Nov. 18 (Bloomberg) -- Panama and the U.S. will sign an agreement to exchange tax information this month, as the Central American nation seeks to clear the way for lawmakers in Washington to approve a free-trade pact.
The tax accord has been concluded and will be signed by Treasury Secretary Timothy F. Geithner on Nov. 30, Roberto Henriquez, Panama’s minister of trade and industry, said today. With that pact secured, the U.S. Congress should approve the stalled trade deal, he said.
“The Panama deal is ready, it’s easy and it’s good for both countries,” Henriquez said in an interview at Bloomberg’s office in Washington. By passing the accord, “the U.S. will send the signal that it is serious about integration.”
Lawmakers such as Senator Carl Levin, a Michigan Democrat, have said Panama would need to sign a tax-exchange deal before they would consider the trade agreement, which was completed in 2007 and has been ratified by Panama’s legislature. President Barack Obama hasn’t submitted the trade agreement to Congress for approval.
The Organization for Economic Cooperation and Development placed Panama on a list of nations that must share tax data or face sanctions as Group of 20 nations crack down on banking secrecy. Tax-information exchange agreements, which let officials request details about citizens’ bank accounts in another nation, are needed to ensure that taxpayers have no place to hide their income and assets, according to a report by the organization on Nov. 10.
A review published in September by the international organization found Panama had “potentially serious deficiencies” in making banks and companies reveal tax information. Panama is seeking to change its laws to meet the group’s requirements, Finance Vice Minister Frank De Lima told reporters in Panama City last month.
Panama has already reached 13 separate taxation accords with other nations, Henriquez said today. By signing those deals and the one with the U.S., “we’re going to get the certification of the world” that Panama’s banks are trustworthy, he said.
Sandra Salstrom, a spokeswoman for the U.S. Treasury Department, didn’t have a comment.
U.S. manufactures such as Peoria, Illinois-based Caterpillar Inc. say the trade agreement will boost exports and provide an inroad for American companies to supply machinery for the $5.25 billion expansion of the Panama Canal.
Panama Ports Pledge
Panamanian President Ricardo Martinelli has pledged to spend $20 billion during the next four years to build ports, expand its main airports and lure international companies to the Central American nation.
Panama, whose economy is anchored by the Panama Canal, has primarily a service-based economy and is one of the few nations that have a trade deficit with the U.S. American companies shipped $4.3 billion in goods and agriculture products to Panama last year and imported $302 million. By comparison, the U.S. exports more to China in three weeks than it does to Panama in a year.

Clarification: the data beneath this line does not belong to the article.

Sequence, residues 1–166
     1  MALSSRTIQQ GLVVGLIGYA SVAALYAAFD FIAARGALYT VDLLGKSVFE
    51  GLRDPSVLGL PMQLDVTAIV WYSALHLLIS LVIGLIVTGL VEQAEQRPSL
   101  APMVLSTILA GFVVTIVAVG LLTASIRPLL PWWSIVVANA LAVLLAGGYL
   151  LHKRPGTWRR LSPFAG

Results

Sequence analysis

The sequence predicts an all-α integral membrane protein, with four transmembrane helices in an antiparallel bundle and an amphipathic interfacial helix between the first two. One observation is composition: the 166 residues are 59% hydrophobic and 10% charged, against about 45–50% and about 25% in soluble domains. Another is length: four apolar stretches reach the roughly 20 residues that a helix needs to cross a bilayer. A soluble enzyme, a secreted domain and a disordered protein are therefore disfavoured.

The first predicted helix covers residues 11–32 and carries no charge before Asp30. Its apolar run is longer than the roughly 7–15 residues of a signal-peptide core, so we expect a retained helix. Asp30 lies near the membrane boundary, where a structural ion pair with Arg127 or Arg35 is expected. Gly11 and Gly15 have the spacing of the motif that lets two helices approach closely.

Obama has concentrated on winning congressional approval of a trade deal with South Korea. His efforts to rework that agreement, to resolve complaints about beef and automobiles, failed at a summit in Seoul last week.
Obama today met nine lawmakers critical of that accord, and asked them to give him a list of other changes they would like to see to the Korean agreement as well.
“If Obama were negotiating this deal from scratch, he definitely would do things differently,” Representative Mike Michaud, a Maine Democrat who led the lawmakers, said in an interview. “Each one of these trade deals has different problems.”
The U.S. also has a trade agreement with Colombia that was signed four years ago and never approved by Congress. When President George W. Bush submitted the measure for approval in 2008, Democrats put off a vote on the legislation.
Now Colombia also is renewing its pitch for a vote.
With Obama seeking to double exports, “we cannot understand how this agreement is not really at the forefront of discussions,” Gabriel Silva, Colombia’s ambassador to the U.S., said today at a roundtable for reporters.
President Juan Manuel Santos has taken steps to protect union organizers and strengthen labor protections, Silva said. He said steps have been taken to address concerns of the U.S. labor federation AFL-CIO, he said. The union group said its concerns have not been addressed.
“Rhetorically, Santos is an improvement,” said Jeff Vogt, the AFL-CIO’s global economic policy specialist. “But it’s not the time for this deal” with labor violence in that nation still high and needed labor reforms awaiting enactment, he said.
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